I wasn't allowed to have a dog growing up. I wanted one my whole life. As soon as I graduated from college I adopted Callie from a local shelter.
Callie had severe anxiety and at first it was difficult to keep her calm long enough to go outside to go to the bathroom. She frantically tried to pull and claw her way back to the house -- or even under a parked car or into a bush. Even a plastic bag fluttering down the street a block away could send her into a panic. Although I'd done a lot of research before adopting a dog I knew I needed help. I found a local behaviorist who introduced me to clicker training and positive reinforcement. Callie was one of the most fearful dogs she'd encountered. However, Callie and I worked together and slowly but surely she became less anxious.
Callie had a persistent case of demodectic mange when I adopted her. Several years ago she was diagnosed with immune-mediated thrombocytopenia (but has not had any recent episodes). Overall, though, Callie has been extremely healthy. Her blood work months ago was "perfection." Several months ago we noted that she seemed to be panting more than usual. We took her to the vet and her blood pressure was deemed a bit high. She was put on medication and soon the extra panting seemed to subside. A few weeks later we noticed a tiny puddle of pee on the hardwood floor. It was a very small amount of urine and she had no other symptoms, but we took her to the vet for a urine test. The vet didn't find anything, but noted that her urine was a bit diffuse, so she suggested a urine culture. We did that, too, and it came back without any problems indicated.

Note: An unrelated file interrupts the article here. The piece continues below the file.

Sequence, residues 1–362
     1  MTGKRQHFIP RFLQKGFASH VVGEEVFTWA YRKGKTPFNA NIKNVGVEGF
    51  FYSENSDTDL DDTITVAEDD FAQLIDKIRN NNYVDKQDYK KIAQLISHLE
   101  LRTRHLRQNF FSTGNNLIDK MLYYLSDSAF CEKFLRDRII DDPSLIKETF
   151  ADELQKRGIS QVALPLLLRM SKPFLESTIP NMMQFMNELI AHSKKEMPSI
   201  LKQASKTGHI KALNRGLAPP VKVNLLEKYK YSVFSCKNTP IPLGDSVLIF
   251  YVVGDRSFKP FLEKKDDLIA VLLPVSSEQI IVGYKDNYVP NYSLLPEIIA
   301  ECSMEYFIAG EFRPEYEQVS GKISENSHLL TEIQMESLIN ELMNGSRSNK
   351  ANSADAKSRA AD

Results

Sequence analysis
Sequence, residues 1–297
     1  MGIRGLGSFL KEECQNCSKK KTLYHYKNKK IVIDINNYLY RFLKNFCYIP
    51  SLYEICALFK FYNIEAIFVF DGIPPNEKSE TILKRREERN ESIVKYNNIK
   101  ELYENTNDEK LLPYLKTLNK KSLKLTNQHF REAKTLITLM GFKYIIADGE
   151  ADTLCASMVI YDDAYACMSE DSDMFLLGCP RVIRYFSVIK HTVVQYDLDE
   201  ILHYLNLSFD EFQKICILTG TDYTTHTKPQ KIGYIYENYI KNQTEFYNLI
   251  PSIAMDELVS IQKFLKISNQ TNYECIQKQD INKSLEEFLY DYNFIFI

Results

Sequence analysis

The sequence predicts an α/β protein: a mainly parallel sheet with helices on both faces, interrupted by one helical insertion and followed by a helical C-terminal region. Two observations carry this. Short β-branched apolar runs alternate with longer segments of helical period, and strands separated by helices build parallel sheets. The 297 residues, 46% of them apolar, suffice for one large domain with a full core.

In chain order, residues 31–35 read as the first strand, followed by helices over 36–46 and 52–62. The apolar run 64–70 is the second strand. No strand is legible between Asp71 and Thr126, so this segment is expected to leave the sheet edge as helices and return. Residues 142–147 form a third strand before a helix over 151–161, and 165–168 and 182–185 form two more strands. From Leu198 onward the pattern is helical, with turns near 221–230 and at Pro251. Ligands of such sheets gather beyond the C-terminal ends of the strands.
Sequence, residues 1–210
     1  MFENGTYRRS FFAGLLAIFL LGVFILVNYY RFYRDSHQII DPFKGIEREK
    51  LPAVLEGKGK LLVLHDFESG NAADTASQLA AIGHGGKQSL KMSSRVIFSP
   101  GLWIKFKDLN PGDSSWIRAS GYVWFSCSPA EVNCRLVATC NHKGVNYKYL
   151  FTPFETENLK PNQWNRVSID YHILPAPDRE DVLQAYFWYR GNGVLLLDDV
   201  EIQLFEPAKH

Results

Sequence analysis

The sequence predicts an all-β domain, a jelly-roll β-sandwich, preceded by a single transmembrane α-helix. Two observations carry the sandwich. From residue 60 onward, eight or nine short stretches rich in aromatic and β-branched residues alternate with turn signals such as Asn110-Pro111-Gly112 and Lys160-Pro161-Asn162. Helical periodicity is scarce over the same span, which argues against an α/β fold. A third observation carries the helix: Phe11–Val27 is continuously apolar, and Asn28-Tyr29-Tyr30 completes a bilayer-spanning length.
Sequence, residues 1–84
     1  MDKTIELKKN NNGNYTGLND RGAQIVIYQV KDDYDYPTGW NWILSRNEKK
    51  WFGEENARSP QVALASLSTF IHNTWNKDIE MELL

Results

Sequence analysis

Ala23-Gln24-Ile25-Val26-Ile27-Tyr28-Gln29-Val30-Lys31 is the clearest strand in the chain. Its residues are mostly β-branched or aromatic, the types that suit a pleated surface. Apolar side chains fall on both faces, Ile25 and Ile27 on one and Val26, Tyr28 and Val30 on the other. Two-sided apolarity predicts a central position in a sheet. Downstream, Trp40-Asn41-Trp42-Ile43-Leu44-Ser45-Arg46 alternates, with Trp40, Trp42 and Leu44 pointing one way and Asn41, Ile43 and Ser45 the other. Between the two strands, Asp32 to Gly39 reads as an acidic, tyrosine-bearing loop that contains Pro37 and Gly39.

A week later we woke up around 3:30 am to the sound of Callie making a coughing/retching sound every few minutes. We knew right away something was wrong. Immediately I worried about bloat. My stepmother's dog died of bloat and had exhibited similar symptoms. We rushed Callie to the emergency vet where she was taken in for abdominal x-rays. The abdominal x-rays showed that Callie did not have bloat. I was relieved to hear she did not have bloat -- until the vet noted that something looked off about Callie's lungs. She did chest x-rays and saw that Callie's chest was filled with fluid. They drained 1.5 liters of fluid from her chest. They did an ultrasound. Later they drained another half a liter from Callie's chest. They tested the fluid. They told us that Callie had cancer. They thought it was likely mesothelioma. I asked if chemotherapy was an option. The vet said she'd already spoken to the oncologist and he'd said there wasn't anything he would do.